The western Georgian province of Samegrelo has played a central role in the history of Georgia. Since the late middle ages, it has often been at the center of Georgia’s political intrigues, military struggles, and cultural development.
For centuries, Samegrelo was ruled by the powerful Dadiani family. Over the centuries, the House of Dadiani has produced noted writers, historians, military leaders, statesmen, clergy, athletes, and other illustrious personalities, in addition to the ruling eristavis (Dukes) and mtavaris (Principals) of the province .
This website introduces readers to the Dadiani family and to Samegrelo, from ancient times to the present. Like its companion site on the Chavchavadze family of eastern Georgia, this site contains texts, photographs, and maps that strive to capture the spirit of an extraordinary family and its times. It is aimed at scholars, students, and members of the general public who want to learn about Samegrelo’s historical journey. In providing an overview of the province’s history and roots, this site also seeks to lay a foundation for additional research into areas of history that remain shrouded in uncertainty. It is divided into three main sections:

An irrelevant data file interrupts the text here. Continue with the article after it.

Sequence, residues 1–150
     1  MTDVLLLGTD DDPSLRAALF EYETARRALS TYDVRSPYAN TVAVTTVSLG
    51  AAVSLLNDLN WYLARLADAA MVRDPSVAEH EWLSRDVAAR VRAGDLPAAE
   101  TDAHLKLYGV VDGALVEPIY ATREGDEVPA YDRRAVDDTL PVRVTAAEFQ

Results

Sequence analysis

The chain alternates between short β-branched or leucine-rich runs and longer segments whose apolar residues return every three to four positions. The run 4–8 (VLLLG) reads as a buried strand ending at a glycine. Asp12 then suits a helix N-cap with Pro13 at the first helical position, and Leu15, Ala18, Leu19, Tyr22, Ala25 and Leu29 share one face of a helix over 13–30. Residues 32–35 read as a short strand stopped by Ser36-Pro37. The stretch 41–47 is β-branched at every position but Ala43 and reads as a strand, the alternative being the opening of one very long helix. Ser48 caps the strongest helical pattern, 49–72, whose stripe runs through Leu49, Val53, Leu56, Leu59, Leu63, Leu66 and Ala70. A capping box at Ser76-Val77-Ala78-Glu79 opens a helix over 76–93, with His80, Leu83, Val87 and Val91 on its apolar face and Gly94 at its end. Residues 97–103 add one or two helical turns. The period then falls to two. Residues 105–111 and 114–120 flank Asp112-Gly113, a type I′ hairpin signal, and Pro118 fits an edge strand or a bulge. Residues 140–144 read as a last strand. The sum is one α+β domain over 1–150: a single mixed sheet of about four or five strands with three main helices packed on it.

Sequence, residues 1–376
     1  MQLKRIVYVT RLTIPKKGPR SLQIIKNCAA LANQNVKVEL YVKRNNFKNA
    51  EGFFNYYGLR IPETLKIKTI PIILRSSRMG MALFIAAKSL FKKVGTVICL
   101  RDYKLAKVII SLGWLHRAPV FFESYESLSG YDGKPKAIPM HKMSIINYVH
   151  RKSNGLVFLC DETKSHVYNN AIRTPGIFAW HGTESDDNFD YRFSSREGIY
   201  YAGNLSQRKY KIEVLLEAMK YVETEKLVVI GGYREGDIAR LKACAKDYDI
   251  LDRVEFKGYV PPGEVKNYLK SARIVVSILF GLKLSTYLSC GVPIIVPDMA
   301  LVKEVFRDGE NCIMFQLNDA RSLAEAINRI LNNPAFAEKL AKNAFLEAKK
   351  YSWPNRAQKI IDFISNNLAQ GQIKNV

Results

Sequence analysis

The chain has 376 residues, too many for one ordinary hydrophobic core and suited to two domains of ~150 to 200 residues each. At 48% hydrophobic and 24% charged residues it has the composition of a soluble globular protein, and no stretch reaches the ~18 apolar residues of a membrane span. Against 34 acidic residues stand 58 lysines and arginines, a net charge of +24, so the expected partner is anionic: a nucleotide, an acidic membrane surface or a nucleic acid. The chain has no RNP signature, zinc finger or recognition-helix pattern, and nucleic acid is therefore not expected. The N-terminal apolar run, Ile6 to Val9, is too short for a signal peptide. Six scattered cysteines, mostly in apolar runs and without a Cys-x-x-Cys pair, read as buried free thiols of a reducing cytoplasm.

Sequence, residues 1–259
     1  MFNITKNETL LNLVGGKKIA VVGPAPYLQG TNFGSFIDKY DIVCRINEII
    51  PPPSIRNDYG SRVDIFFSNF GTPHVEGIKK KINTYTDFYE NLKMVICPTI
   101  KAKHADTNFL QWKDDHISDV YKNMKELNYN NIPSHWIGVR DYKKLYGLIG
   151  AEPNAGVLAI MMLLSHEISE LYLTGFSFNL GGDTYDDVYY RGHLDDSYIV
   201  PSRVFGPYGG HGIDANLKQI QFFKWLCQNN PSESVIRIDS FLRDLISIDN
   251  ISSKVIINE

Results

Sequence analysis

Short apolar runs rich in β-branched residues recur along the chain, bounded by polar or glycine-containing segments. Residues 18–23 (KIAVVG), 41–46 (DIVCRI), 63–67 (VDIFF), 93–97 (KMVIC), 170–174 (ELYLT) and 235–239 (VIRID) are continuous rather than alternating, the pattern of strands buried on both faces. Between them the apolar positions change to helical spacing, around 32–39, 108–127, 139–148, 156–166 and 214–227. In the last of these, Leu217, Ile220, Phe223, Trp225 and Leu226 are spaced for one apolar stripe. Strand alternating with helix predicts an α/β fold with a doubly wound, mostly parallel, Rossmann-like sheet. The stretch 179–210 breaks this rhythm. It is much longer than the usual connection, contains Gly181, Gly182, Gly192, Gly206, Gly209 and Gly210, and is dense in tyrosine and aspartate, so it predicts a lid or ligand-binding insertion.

The third section presents colorful biographical sketches of some prominent members of the Dadiani family, starting with the feudal lord Levan I in the 16th century and ending with David (Dudu) Dadiani, a professional basketball player and ambassador of Georgian sport whose life ended tragically just as the 21st century was beginning. These remarkable stories are at the core of the site. Through them, the struggles and triumphs of Samegrelo and Georgia in the past several centuries take on a human aspect.
Gathering information for this site was not easy. Primary sources are limited, even for relatively modern times; and secondary sources vary widely in terms of detail. In secondary sources, chronologies are sometimes sketchy and factual narrative is at times mixed with interpretation. Interviews with Dadiani descendants, communications with scholars, and visits to the Dadiani Palace Museum were helpful, but in the end it was impossible to obtain the whole picture, and some errors of fact may remain. (Readers are invited to contact us with questions or corrections.) Instead, like a painter, the creators of this site used a limited selection of shapes and colors to create an impression of an extraordinary family and the times and places associated with them.
With these caveats in place, welcome to the world of the Dadianis...
 Known in Russian as Mingrelia. Before the 19th century, called Odishi. On this website, the term “Odishi” will often be used in references to the province before the 19th century.
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